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  1. #1
    ce3c is offline Member
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    Default Accessing array in other class

    Hello,

    I'm making my first Java app, and I came across this problem today:
    I'd like to access
    DB1.database[0] DB2.database[0] DB3.database[0] (etc..) based on an integer i.

    {"DB".i}.database[0] doesn't seem to work tho. What is the correct format to do this?

  2. #2
    Fubarable's Avatar
    Fubarable is offline Moderator
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    You can create a public getter method in the class that holds the array and then have the other class call that public method on an object of the first class (again, the one that holds the array).

    By the way, can you clarify this statement here?:
    DB1.database[0] DB2.database[0] DB3.database[0] (etc..) based on an integer i.

  3. #3
    BeholdMyGlory is offline Member
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    Quote Originally Posted by ce3c View Post
    Hello,

    I'm making my first Java app, and I came across this problem today:
    I'd like to access
    DB1.database[0] DB2.database[0] DB3.database[0] (etc..) based on an integer i.

    {"DB".i}.database[0] doesn't seem to work tho. What is the correct format to do this?
    You could store the DBs in an array, as such:
    Java Code:
    DB[] dbArray = new DB[3];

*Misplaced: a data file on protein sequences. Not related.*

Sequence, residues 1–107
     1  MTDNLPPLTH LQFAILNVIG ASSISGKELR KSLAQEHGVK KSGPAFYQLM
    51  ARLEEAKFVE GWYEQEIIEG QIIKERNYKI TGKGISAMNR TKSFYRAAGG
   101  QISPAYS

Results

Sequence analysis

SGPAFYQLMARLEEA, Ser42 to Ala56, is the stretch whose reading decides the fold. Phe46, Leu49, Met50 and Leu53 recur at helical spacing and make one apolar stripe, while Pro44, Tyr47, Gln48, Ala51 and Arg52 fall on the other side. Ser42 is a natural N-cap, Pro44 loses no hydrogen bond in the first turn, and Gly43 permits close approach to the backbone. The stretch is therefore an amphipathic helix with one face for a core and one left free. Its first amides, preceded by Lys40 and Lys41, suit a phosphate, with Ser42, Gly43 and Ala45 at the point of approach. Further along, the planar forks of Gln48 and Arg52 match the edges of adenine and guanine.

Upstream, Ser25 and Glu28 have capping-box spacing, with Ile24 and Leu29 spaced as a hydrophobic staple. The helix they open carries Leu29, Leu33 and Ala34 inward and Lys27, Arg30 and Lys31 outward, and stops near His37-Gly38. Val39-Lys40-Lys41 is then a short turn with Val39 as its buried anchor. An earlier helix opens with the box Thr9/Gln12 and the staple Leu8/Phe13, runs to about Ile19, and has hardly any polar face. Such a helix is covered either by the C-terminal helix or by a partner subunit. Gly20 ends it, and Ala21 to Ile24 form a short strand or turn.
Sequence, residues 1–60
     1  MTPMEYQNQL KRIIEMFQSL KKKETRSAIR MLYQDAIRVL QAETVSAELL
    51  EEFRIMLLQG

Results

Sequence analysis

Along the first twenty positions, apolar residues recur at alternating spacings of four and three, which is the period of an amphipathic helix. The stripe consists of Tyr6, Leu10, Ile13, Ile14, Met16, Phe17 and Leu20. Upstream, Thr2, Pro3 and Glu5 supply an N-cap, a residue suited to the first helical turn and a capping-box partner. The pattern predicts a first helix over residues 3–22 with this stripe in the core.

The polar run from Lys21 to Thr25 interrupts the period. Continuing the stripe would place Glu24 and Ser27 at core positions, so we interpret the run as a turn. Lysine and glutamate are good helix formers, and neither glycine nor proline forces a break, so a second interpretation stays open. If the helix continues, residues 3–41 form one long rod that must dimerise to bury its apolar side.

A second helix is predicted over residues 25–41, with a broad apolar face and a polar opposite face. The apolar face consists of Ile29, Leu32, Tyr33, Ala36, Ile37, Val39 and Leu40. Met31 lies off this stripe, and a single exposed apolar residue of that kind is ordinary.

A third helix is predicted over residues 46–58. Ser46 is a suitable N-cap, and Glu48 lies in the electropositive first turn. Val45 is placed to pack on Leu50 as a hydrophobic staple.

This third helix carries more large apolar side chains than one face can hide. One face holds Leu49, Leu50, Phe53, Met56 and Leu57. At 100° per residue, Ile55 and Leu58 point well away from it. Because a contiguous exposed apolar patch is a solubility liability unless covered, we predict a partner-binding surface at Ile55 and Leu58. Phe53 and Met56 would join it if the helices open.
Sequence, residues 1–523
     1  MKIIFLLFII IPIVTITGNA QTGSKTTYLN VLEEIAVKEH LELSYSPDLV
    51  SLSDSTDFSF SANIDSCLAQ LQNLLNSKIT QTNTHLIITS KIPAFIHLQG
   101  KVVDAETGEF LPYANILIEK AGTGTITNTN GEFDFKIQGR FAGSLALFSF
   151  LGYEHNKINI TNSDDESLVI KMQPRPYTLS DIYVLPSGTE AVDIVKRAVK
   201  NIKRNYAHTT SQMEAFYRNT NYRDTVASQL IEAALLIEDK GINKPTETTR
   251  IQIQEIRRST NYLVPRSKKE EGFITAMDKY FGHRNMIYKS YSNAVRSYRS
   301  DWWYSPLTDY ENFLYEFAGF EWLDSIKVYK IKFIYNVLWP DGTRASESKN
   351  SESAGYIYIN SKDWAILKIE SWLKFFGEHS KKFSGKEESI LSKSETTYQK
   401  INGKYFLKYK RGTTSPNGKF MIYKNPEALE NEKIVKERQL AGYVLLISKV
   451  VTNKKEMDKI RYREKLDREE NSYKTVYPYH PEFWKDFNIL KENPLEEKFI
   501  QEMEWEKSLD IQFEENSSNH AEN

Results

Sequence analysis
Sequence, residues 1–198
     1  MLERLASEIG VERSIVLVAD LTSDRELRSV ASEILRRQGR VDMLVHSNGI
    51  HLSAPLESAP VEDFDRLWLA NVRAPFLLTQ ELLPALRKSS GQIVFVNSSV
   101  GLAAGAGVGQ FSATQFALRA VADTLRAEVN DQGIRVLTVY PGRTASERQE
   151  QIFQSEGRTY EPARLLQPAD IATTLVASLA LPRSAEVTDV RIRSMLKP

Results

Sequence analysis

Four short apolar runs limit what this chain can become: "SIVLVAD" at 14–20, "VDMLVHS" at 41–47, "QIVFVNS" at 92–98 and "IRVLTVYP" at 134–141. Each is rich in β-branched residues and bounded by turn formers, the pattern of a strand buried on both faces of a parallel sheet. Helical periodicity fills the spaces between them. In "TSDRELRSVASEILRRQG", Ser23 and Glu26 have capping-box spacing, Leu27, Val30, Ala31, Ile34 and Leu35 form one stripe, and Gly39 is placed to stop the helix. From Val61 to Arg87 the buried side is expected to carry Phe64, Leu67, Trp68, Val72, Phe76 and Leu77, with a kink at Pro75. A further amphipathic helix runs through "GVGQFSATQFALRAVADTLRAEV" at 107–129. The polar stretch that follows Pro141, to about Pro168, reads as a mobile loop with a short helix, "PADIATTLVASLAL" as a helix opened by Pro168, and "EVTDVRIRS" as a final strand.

dbArray[0] = new DB();
    dbArray[1] = new DB();
    dbArray[2] = new DB();
    System.out.println(dbArray[2].database[0]);
    This is though assuming that you have a class named DB.
    Did that make much sense to you?

  4. #4
    Fubarable's Avatar
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    Ah, I think I see now. Behold's explanation seems to be spot on. Please ignore what I posted previously.

  5. #5
    ce3c is offline Member
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    Java Code:
    DB[] dbArray = new DB[3];
    dbArray[0] = new DB();
    dbArray[1] = new DB();
    dbArray[2] = new DB();
    System.out.println(dbArray[2].database[0]);
    I've got 108 class files... putting "dbArray[*] = new DB();" each time doesn't seem the good way to me.

    DB1.java
    DB2.java
    DB3.java
    etc...

    DB1.java contains this:
    Java Code:
    class DB1
    extends Test
    {
    	public static String[][] database = {
    		{"a", "text sfkejfle kjsekfj sekfj sk"},
    		{"b", "fjkjefk esfkje fksejf sjefksekj"}
    	};